Tag Archives: Chief Brody

Jaws – Fan Trailer

Or should that be fin trailer?

Whilst studying film and television at university at the latter part of the 20th Century I decided to try and hone some of my editing skills by putting together a contemporary trailer for my all time favourite film, Jaws.

With its re release at cinemas earlier this year it was granted a new trailer which got my thinking about the one I produced back in that edit suite, I still had a copy of it somewhere knocking around on VHS so decided to hunt it out.

If memory serves I put it together at some point in 1997 and used a piece of Hans Zimmer music from Crimson Tide, a submarine thriller from late Director Tony Scott. That score though is perhaps most famous for being used on one of the greatest trailers of the 90s, Independence Day, or ID4 as it was known in some quarters. I hear that the film itself is being released in 3D sometime next year.

In my Jaws trailer I went for setting the scene in Amity and then slowly building a sense of dread and foreboding before finally revealing the shark. Of course there was a mixture of the classic scenes, such as that first attack, and some of the classic lines,that are just so iconic.

All in all I was still pleased with what I produced all those years ago, I especially liked the juxtaposition between Hooper (Richard Dreyfuss) during the autopsy and the first victim he is looking, which worked rather well in the section where he splashes water on his face which seems to mimic poor Chrissie making her way through the ocean at night.

My trailer is perhaps a tad long but the stand out moment for me is the bit where Quint (Robert Shaw) delivers his “too many captains on this island” talk to the whole town and Chief Brody (Roy Scheider). I love it where the music begins to swell up again just as the camera is moving in on him.

The widescreen really shows off some of the wonderful framing and beauty of the film, including the sweeping light shot on the boat at night, Spielberg loves his light and it really shows here acting almost as a pre-cursor to Close Encounters.

Both my trailer and the re release one share many of the same key characteristics and shots (which of course they would,they are from the same film) so I was pleased that in marketing terms I seemed to be hitting the same kind of notes as the boys at Universal.

Jaws is released on Bluray for the first on Monday 3rd September.

Without further ado, here is my Jaws trailer:

And here is the re release one:

Jaws – still top of the blockbuster food chain

Jaws is released on Bluray for the first time in the UK on Monday 3rd September, I look back to my first viewing of this newly spruced up print of the classic Spielberg thriller on the big screen back in June. And yes, I’ll be buying it again, adding it to my pan and scan VHS copy, my widescreen VHS copy and both the 25th and 30th anniversary DVDs.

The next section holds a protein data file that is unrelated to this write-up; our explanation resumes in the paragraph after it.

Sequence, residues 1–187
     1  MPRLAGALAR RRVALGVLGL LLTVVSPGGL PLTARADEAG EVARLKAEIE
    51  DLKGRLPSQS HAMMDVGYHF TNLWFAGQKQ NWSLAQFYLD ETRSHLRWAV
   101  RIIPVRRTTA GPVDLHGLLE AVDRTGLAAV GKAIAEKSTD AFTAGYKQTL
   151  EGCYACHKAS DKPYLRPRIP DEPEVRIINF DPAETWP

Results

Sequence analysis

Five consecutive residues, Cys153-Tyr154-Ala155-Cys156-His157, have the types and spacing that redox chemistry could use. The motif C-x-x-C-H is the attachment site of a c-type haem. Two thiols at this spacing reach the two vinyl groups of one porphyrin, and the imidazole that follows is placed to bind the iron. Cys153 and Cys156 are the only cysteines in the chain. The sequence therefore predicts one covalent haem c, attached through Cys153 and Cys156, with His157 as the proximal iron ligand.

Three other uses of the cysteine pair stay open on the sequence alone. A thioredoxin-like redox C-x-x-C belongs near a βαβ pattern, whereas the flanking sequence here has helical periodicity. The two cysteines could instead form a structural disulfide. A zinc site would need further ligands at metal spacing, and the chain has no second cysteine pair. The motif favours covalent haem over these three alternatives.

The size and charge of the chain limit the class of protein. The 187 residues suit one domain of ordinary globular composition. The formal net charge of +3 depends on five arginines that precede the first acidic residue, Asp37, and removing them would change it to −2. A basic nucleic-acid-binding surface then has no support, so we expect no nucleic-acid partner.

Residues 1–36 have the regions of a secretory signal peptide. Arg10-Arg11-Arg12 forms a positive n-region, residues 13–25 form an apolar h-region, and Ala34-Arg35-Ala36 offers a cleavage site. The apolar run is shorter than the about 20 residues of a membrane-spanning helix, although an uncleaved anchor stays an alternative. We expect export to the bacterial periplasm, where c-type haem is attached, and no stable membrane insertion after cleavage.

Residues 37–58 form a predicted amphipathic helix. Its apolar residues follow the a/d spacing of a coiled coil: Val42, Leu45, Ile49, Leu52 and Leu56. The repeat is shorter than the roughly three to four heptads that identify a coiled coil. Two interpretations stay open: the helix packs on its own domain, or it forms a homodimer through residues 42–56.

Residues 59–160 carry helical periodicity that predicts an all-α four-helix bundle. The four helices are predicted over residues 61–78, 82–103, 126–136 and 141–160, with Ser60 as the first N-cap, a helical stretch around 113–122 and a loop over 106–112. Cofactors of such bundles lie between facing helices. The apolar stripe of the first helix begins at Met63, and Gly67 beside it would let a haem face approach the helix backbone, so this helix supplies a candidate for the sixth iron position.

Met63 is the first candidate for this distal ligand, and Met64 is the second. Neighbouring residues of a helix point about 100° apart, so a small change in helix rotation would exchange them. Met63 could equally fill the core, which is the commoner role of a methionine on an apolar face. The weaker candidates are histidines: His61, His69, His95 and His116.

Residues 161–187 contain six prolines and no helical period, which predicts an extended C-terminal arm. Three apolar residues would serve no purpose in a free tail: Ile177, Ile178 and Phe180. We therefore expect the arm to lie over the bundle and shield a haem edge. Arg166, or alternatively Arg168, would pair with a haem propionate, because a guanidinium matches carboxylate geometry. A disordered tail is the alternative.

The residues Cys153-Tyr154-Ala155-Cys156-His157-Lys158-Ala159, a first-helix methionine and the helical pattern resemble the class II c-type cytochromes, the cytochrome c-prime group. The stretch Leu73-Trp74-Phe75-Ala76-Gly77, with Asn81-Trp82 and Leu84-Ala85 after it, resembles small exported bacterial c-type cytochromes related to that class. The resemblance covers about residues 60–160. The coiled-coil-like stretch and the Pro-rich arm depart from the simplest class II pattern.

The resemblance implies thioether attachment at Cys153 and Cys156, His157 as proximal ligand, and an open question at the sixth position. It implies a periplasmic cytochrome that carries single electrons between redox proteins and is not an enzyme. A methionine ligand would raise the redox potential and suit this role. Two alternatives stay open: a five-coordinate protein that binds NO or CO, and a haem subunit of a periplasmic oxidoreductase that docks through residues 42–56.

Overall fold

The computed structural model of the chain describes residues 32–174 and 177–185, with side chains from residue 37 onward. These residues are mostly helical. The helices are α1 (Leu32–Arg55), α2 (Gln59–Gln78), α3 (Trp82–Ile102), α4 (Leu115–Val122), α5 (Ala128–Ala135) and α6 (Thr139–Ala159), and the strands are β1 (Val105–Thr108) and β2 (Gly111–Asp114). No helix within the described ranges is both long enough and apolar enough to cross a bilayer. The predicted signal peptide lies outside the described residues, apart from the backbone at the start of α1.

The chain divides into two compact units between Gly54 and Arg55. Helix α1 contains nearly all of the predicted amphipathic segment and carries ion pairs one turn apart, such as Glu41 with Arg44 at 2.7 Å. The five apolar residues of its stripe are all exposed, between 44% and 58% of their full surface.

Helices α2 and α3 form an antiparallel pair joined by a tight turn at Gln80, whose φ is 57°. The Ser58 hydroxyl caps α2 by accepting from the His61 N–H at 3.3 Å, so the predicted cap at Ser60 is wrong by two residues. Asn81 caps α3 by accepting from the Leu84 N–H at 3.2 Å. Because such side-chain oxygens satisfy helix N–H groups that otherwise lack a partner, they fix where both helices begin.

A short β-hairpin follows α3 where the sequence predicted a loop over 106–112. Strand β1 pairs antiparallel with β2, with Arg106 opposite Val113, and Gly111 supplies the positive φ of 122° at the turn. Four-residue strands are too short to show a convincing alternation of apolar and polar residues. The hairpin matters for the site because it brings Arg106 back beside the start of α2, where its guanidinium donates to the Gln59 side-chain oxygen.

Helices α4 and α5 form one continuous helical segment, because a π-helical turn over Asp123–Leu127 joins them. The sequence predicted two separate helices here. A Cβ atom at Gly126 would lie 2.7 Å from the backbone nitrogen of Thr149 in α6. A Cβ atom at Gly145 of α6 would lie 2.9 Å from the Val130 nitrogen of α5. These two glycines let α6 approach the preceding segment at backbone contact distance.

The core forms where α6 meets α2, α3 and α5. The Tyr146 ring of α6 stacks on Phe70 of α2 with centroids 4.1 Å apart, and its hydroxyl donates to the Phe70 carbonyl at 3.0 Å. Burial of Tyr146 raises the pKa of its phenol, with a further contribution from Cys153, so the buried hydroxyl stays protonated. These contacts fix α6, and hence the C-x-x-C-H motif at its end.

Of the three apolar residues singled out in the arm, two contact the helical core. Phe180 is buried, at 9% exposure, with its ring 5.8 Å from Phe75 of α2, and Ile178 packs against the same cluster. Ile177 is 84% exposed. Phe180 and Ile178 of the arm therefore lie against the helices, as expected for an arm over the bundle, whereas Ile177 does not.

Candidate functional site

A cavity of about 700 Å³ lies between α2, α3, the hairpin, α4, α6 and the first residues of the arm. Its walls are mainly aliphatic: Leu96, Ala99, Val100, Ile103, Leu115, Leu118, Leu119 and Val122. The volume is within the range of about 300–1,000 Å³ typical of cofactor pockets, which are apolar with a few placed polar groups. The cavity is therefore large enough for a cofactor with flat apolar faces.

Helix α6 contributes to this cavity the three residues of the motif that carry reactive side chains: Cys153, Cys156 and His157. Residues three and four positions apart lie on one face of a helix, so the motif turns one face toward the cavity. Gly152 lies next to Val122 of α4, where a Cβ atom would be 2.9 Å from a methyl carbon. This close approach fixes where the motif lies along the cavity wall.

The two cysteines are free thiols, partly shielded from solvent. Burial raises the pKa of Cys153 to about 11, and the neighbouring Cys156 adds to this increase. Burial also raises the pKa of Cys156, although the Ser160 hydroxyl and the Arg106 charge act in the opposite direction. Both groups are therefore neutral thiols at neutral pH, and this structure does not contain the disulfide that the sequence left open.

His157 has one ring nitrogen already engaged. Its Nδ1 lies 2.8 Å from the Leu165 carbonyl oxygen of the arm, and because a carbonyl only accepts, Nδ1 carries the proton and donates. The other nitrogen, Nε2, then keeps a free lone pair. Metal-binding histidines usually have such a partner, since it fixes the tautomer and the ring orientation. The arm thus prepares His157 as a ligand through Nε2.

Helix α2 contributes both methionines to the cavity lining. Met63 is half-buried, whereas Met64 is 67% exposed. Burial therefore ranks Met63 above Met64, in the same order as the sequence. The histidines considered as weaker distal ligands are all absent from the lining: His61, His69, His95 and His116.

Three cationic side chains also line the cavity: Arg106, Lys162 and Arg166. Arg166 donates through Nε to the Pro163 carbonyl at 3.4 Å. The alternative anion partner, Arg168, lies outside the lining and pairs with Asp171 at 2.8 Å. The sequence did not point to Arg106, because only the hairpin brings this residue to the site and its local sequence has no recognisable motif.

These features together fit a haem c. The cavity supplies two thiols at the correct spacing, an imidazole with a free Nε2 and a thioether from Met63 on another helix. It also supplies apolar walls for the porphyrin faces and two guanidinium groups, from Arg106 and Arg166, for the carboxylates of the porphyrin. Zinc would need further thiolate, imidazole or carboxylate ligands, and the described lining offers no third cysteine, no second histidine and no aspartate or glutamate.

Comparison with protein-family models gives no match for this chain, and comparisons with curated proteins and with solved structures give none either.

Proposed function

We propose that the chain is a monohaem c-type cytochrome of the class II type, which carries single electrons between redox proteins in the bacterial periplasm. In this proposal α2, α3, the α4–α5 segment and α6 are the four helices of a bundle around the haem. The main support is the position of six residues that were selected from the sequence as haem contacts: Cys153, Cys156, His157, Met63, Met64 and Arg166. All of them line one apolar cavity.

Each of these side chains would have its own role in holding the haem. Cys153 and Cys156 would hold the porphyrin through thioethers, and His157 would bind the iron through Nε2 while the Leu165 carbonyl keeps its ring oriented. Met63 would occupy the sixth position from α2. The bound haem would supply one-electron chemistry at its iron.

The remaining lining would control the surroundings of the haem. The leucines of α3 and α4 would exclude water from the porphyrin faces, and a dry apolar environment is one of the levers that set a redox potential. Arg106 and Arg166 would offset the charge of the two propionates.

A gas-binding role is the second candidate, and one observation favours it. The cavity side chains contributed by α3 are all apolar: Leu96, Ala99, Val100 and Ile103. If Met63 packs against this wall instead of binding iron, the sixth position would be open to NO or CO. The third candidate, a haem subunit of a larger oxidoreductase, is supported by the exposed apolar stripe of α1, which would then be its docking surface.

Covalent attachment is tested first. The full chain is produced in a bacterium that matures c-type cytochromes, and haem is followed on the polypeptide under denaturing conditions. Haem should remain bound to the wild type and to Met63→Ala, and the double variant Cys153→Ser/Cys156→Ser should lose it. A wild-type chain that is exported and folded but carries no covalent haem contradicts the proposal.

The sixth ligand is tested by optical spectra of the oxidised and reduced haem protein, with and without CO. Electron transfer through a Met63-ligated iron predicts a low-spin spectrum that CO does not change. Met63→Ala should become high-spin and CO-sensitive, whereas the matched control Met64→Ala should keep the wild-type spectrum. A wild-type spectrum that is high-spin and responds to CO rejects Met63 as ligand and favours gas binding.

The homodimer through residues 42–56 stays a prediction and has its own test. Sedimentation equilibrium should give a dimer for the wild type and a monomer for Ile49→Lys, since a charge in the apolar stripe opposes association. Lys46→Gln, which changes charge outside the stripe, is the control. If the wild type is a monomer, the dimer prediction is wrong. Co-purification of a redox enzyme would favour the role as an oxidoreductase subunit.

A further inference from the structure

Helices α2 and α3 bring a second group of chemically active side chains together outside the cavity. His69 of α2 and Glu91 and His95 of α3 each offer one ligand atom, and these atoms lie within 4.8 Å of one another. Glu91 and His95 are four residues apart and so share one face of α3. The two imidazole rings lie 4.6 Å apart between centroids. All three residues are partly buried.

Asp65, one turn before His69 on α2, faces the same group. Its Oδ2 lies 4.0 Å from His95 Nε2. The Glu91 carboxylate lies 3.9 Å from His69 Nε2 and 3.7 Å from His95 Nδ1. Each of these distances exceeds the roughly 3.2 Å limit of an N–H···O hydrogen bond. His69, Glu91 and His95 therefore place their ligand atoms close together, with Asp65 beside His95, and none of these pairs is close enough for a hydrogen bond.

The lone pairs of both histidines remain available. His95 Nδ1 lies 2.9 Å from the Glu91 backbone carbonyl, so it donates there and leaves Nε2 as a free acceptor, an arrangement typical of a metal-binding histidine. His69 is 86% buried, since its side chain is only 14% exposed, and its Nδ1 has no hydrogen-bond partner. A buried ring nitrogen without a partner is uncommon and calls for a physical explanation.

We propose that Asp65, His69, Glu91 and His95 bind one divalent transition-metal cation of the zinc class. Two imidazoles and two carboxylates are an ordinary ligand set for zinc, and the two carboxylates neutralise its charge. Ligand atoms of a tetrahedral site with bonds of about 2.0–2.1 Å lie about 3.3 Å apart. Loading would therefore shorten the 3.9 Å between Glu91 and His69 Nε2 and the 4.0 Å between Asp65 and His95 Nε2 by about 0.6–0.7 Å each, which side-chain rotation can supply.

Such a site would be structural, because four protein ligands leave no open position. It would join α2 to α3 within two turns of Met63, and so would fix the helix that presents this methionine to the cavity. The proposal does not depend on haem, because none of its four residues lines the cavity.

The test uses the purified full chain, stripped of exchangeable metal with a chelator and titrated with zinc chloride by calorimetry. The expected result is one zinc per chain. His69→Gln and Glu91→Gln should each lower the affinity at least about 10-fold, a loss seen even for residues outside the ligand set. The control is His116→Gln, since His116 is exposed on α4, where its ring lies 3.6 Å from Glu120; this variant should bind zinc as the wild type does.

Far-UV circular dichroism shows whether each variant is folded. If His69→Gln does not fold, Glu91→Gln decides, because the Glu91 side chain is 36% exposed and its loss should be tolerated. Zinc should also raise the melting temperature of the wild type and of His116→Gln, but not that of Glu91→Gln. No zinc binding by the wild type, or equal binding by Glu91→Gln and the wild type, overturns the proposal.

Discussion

My journey to see Jaws, my all time favourite film, has been 10 years in the making and after all that time, all those viewings, it didn’t disappoint. Put simply it was Jawsome.

It is somewhat fitting that Jaws has been re released as part of the centenary celebrations of Universal Studios in June, smack bang in the middle of the summer blockbuster season, as Jaws is the grandaddy of them all, the first film to have such a large (at the time) opening, and the first to hit that magic $100 million mark. In more ways than one it is the big fish.

37 years have passed since Jaws first swam onto our screens but it still more than holds its own against today’s output, in fact it is the filmic equivalent of what Matt Hooper (Richard Dreyfuss) calls the shark, ‘the perfect eating machine’.

As a piece of cinema Jaws was always the near perfect piece of cinema and now, cleaned up frame by frame and looking like it was practically shot last week, this lean mean thriller machine became the closest to cinematic perfection it has ever got.

Put simply, you can forget your Star Wars, forget your toying with special effects, nipping, tucking or even adding here and there (yes you Mr Cameron, Mr Lucas – sounds like Are You Being Served – and Mr Scott), this is cleaned up but otherwise untouched, and still has the same shark and still has that primal fear in buckets, along with the chum.

Spielberg has clearly learnt from his ‘walky talky’ medling with E.T. and left Jaws exactly as it was, save for giving it a fresh lick of paint and thankfully modification free.

It may sound obvious but never having seen the film on the big screen the first thing that hit me was that it all looked so big, from the (thankfully) old fashioned Universal logo to each and every character introduction, counting the fictional Amity Island in that.

With such a large canvas, that had also expertly been cleaned up, we are able to feel even closer to that (really rather sunny and bright for the most part) world and see and notice so many small things in the background that I hadn’t done before. It was practically like seeing the film for the very first time.

Jaws still packs a punch (or should that be bite radius) of a juggernaut. The opening Chrissie attack sequence has never looked so uncomfortably clear, her nakedness making you almost feel voyeur like – making it even closer akin to the shower scene it Psycho in that respect – right up until that moment of impact when the John Williams score and sound effects really kick into high gear. If anything its heightened more than ever with the Alex Kitner lilo attack, which in many ways seemed even more powerful. They both form part of my article, Death Becomes Them, charting the ‘best’ death scenes in the Jaws series.

It’s not the 25 foot shark, all three tonnes of it, that dominates the film though, each and every piece of the film he is in is dominated by Robert Shaw as Quint. Scheider and Dreyfuss are no slouches for sure and the way the threesome ping off each other is a joy to behold (the script coupled with the beauty of the extra rehearsal time due to operating problems with the shark et al – read Man vs Beast for my take on the making of) but Quint has never been so dominant, so alive. He chews scenery like the shark chews his boat, the Orca, at the end of the film and his eyes, his eyes are just so piercing a blue that they make Daniel Craig’s look practically dull in comparison. It confirmed to me that more classic Shaw films should be viewed on the big screen but also left a genuine feeling of loss, for the man, Shaw died only three years after the release of Jaws, and for cinema generally as he carved such an impression up their on the big screen, seen as he should be and not on a box – no matter what its size – in the corner of the room.